Those Darlins, “White Light/White Heat” by The Velvet Underground at Mercury Lounge, New York
I was shocked when I met Those Darlins’ singer Jessi Zazu after this show how petite she is. Because watching her from the stage, she’s an absolute force — clad in all white, Zazu tries on some classic rock moves with some fantastic femme fatale strutting and a piercing death stare equally fearsome and magnetic. The Nashville band’s songs have this spooky mash of country fried punk rock and booze soaked ballads, scorching, gothy and amazing. So it sorta made sense that the band’s encore cover of The Velvet Underground’s “White Light/White Heat” was a perfect match, especially for a Lower Manhattan crowd. In hindsight, this show wasn’t all that long before Lou Reed died, which makes this killer performance shine just that much brighter.
Beck, “I Am The Cosmos” by Chris Bell at Le Poisson Rouge, New York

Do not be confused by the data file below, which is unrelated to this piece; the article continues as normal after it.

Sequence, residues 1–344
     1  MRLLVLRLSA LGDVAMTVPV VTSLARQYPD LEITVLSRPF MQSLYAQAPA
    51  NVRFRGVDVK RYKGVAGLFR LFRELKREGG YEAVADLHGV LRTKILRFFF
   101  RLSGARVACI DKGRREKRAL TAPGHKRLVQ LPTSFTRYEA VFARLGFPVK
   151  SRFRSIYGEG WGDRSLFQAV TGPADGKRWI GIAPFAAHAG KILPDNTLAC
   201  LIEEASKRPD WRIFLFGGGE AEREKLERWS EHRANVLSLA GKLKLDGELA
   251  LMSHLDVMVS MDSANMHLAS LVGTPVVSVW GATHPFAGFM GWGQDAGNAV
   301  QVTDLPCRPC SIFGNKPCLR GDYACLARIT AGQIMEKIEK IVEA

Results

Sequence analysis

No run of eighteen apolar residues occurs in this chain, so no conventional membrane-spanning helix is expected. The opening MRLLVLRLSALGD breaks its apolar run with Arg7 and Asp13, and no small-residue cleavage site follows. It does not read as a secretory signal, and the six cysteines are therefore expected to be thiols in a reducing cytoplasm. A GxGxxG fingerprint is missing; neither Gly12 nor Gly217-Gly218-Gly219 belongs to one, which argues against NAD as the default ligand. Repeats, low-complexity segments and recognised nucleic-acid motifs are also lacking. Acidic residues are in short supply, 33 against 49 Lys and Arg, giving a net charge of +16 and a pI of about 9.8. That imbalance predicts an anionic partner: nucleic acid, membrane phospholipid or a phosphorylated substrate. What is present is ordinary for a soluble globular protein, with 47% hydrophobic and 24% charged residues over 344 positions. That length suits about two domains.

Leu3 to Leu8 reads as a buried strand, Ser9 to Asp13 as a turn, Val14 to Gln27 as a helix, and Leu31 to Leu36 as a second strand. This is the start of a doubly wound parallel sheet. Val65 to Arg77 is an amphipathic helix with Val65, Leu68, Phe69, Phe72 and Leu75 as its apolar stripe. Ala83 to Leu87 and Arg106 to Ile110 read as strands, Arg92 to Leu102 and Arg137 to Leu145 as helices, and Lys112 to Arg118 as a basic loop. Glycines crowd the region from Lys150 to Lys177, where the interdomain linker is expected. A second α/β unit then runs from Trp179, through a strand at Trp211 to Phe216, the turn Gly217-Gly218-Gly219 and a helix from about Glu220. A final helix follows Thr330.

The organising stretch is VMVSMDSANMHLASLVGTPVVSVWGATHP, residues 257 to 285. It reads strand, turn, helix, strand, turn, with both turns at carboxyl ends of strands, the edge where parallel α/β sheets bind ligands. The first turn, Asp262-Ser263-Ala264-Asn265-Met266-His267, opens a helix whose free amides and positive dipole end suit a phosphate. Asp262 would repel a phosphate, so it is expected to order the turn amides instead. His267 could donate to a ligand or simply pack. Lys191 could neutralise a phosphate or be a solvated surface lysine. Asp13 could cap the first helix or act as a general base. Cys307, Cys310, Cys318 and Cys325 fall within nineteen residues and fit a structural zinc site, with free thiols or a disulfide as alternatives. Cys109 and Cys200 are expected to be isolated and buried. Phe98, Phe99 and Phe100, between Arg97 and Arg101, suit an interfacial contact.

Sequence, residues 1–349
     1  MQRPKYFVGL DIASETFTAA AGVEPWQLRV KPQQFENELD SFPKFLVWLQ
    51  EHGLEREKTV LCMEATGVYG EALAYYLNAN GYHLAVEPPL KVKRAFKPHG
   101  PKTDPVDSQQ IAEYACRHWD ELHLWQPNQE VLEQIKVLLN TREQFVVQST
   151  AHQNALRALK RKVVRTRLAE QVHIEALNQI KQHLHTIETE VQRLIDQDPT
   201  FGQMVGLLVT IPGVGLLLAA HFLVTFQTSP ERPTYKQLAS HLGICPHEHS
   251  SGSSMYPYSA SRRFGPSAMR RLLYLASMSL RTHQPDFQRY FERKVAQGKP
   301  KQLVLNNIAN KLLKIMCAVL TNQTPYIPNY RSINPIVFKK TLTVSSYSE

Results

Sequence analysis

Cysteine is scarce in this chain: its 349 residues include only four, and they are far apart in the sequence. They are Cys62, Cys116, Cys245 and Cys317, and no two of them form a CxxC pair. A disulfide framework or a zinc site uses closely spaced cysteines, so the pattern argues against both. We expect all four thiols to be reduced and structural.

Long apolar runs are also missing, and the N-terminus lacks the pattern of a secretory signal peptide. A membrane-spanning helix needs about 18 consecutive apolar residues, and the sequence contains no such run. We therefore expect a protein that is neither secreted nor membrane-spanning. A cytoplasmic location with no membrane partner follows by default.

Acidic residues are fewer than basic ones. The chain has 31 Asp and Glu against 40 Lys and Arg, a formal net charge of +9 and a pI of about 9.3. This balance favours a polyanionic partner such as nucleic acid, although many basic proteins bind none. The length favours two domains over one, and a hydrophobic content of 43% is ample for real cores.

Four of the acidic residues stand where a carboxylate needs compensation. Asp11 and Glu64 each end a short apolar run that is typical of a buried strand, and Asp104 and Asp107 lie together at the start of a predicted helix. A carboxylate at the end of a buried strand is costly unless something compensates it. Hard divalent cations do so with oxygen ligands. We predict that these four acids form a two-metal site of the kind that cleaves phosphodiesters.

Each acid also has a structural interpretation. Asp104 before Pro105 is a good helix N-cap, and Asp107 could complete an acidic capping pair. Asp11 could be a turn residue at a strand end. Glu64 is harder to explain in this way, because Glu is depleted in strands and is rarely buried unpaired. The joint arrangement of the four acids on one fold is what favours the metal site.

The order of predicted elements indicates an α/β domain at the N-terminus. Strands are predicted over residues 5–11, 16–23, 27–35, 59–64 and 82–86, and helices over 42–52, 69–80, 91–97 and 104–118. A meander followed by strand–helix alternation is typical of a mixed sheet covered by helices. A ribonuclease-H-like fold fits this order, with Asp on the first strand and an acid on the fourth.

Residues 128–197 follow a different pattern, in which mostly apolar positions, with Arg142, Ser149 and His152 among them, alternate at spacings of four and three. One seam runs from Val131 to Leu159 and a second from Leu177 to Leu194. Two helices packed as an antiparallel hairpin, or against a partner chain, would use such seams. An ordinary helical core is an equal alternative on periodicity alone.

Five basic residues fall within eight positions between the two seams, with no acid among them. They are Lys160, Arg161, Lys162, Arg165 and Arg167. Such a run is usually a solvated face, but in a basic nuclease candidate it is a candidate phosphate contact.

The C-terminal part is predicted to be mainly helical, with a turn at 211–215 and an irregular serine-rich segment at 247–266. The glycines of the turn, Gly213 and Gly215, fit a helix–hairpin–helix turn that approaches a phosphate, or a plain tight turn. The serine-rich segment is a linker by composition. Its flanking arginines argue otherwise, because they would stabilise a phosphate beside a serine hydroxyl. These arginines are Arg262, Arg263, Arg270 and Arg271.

I’ll admit, I’ve been lucky enough now to see Beck four times over the years, in four completely different settings — and all have been stellar and special in their own way. What can I say? He’s probably one of my biggest musical heroes. This summer, I had the chance to catch him and his newly-reformed band (including Smokey Hormel, Jason Falkner, Roger Manning) play Beck’s music in an all-acoustic show. It was a warmup show for his upcoming spot at the Newport Folk Festival, so it was a little loose and rambling and hilarious, in the best possible ways.